Electric motors have a wide range of ability to survive stalling and high amperage loading. High performance brushless model airplane motors do not take well at all to being bogged down and generally make poor drive motors for combat robots -- but they can work very well as weapon motors where they spend much of their time in their higher rev range.

As a 'rule of thumb' for the motors commonly used in robot drivetrains, look to provide 1.5 to 2.0 times the torque needed for maximum pushing power. This will allow the motor to spin the tire freely if the robot is prevented from moving and keep the motor speed high enough to reduce the current consumption to a reasonable level.

Desirable Range of Gear Reduction = Gear Reduction Needed for Maximum Pushing Force * [1.5 to 2.0]

For our example, the range of desirable gear reduction ranges from (5 * 1.5) = 7.5:1 to (5 * 2.0) = 10:1.

Selection of a ratio within that range can depend on gearbox availability and on the size of the arena; larger arenas may make the higher speed available from lesser reduction ratios more desirable, while smaller arenas favor the greater acceleration available from greater reduction ratios.

A tool to help you in your calculations

Now that you know the theory you can make good use of the Team Tentacle Torque Calculator. The calculator offers automated calculation of the effects of gear ratios on speed, acceleration, battery selection, and amperage draw for a large list of common robot drive motors -- or you can enter the critical values for motors of your own choosing. Consult the help system within the calculator for specific tips on its use.

Adjusting gearing for special conditions

The 'optimum' gearing allows the motors to produce their full output power without 'bogging' and consuming excessive current. While that is 'optimum' for the motors, the gearing may not provide adequate acceleration to achieve the best speed in small arenas or in cases where available current must be limited to the capacity of specific speed controllers. Adjustments to the 'optimum' gear reduction may be needed in these conditions.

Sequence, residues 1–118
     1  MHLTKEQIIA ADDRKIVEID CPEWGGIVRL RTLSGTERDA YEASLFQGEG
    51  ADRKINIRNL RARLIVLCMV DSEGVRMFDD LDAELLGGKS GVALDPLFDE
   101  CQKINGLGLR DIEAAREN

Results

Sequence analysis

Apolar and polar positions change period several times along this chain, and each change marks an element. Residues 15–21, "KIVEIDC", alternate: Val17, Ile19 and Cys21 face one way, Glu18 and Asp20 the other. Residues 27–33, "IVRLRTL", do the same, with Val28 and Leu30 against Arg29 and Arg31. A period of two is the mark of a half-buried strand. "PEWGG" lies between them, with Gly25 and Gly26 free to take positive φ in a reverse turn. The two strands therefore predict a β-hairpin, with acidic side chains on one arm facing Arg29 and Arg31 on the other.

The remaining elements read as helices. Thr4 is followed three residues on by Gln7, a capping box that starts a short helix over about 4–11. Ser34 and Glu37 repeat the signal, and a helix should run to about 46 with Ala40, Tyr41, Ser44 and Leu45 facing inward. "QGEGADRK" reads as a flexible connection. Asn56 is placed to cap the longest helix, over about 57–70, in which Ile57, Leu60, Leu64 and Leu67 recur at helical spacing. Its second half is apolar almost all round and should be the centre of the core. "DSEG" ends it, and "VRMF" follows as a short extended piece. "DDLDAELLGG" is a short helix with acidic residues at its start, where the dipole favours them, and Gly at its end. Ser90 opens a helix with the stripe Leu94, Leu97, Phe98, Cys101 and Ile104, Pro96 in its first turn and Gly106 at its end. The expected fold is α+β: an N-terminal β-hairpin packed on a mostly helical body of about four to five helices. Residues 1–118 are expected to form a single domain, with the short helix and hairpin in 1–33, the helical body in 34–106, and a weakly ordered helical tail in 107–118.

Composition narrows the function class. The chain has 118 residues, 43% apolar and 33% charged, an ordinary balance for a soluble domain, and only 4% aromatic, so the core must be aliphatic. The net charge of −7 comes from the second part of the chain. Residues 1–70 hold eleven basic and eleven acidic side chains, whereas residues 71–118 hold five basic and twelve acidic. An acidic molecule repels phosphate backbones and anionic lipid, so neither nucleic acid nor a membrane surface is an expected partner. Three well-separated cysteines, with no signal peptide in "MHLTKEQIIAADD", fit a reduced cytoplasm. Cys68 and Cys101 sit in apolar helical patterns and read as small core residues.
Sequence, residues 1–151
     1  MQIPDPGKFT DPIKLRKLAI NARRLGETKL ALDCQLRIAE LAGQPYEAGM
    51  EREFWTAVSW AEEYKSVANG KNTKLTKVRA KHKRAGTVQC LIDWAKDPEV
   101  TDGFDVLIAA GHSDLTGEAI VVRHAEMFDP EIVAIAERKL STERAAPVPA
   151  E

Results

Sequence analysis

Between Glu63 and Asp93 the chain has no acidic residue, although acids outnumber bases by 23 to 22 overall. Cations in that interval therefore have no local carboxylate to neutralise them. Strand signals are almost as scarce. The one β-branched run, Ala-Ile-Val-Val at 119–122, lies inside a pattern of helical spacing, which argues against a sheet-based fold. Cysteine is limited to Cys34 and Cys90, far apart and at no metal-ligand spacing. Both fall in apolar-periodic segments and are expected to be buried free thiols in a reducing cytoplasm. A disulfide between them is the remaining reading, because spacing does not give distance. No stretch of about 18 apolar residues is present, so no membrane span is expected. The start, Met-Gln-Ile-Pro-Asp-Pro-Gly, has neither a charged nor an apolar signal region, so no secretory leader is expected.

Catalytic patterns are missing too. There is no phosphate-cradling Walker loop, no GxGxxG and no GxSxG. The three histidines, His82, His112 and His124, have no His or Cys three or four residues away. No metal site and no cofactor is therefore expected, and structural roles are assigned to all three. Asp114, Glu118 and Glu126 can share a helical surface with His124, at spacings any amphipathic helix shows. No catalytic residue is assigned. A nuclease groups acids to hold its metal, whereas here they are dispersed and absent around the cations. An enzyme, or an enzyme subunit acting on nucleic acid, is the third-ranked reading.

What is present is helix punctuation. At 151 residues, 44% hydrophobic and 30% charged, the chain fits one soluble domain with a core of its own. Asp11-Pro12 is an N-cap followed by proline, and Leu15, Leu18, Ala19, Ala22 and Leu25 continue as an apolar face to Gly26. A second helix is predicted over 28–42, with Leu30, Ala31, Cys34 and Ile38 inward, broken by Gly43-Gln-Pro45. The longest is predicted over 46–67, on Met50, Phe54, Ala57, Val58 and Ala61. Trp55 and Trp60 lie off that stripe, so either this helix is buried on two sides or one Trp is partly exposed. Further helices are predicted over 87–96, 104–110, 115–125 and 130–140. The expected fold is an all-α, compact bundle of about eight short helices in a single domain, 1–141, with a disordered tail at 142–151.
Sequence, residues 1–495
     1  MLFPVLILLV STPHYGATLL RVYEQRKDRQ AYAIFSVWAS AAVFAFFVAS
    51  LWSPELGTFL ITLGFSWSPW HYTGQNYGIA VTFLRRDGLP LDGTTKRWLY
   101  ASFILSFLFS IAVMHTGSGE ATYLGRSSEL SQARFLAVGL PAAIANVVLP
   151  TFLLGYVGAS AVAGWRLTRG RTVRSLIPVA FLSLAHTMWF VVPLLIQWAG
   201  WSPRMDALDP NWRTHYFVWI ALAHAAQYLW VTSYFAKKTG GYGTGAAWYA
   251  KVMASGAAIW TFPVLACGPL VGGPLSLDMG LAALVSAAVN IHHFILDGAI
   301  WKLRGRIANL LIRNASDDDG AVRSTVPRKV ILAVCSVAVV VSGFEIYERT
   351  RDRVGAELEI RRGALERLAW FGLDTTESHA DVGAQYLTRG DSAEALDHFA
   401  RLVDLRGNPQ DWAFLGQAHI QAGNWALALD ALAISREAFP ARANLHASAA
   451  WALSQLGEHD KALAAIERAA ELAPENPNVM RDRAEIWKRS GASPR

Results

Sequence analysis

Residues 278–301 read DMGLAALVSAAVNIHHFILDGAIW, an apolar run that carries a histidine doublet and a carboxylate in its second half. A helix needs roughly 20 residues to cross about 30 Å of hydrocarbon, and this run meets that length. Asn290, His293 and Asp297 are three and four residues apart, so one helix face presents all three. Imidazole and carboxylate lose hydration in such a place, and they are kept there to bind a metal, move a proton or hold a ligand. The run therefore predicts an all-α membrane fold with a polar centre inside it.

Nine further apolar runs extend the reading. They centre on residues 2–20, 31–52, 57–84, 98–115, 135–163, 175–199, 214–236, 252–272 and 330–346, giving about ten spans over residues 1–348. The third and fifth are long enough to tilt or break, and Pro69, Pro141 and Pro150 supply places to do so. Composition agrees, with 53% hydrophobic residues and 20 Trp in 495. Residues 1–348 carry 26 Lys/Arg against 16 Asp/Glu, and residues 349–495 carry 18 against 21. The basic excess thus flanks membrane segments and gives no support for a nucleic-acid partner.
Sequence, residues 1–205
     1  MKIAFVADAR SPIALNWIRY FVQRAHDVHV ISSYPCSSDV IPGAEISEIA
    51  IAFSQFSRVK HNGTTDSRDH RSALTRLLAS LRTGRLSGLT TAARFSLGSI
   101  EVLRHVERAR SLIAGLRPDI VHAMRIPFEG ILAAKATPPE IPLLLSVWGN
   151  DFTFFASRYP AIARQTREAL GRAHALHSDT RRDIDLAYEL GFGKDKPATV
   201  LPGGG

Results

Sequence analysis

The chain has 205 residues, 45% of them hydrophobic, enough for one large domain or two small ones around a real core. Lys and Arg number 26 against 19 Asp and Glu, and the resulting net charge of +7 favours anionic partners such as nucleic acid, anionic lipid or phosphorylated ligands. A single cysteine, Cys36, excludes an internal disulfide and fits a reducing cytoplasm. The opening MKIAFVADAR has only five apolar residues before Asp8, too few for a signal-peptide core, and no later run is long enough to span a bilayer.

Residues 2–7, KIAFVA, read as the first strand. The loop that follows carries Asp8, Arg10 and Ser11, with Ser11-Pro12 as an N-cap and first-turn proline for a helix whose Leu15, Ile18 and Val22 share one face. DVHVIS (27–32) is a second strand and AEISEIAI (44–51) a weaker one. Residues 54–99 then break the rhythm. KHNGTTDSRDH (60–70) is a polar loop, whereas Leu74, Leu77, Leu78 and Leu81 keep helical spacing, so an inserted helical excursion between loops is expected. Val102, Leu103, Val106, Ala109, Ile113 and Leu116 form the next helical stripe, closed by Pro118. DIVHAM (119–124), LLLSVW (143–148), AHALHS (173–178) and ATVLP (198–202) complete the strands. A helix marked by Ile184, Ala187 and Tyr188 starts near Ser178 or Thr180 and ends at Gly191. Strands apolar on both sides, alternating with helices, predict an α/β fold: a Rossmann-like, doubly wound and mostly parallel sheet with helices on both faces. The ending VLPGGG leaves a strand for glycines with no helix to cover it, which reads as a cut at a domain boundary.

Here is an example of adjustments made to the gearing of a 120 pound spinner-weaponed robot powered by a pair of AmpFlow F30-150 motors powering 6" diameter wheels. The builder was considering use of electronic speed controllers with a maximum current capacity of 60 amps in an arena 40 feet across. The questions are:

What gearing provides best performance in a sprint to the center of the 40 foot arena?

What is the impact on speed and acceleration if the gearing is adjusted for a 60 amp per motor maximum current consumption?

The Tentacle calculator shows that a 4:1 gear reduction provides tire breakaway at 140 amps -- very close to the 'optimum' tire breakaway of 147 amps. Clicking the 'Acceleration Calculator' tab and setting the 'Arena Size' to 16 feet (front edge of robot to center of 40 foot arena) shows a top speed at that distance of 12.7 MPH in an elapsed time of 1.58 seconds. Repeating that analysis for greater gear reduction ratios gives us the following table.

Sixteen-Foot Sprint to Arena Center

Ratio

Max Amps

Speed (MPH)

Time (sec)

4:1

140

12.7

1.58

6:1

93

13.4

1.39

8:1

70

12.8

1.33

10:1

56

11.5

1.35

12:1

47

10.0

1.42

The table shows that for this particular robot in this particular arena:

The best ramming speed at the end of a 16 foot sprint comes with a 6:1 reduction ratio;

The quickest time for a 16 foot sprint to arena center comes with an 8:1 reduction ratio; and

Limiting current consumption to 60 amps requires a 10:1 reduction ratio that clips about 2 MPH off the best speed but still gives a quick sprint time to the arena center.

Note: for a 32 foot 'across the arena' dash, the 'optimum' 4:1 reduction ratio provides the best top speed, but opportunities for such a long ramming run are infrequent.

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Copyright 2012 by Mark Joerger -- all rights reserved.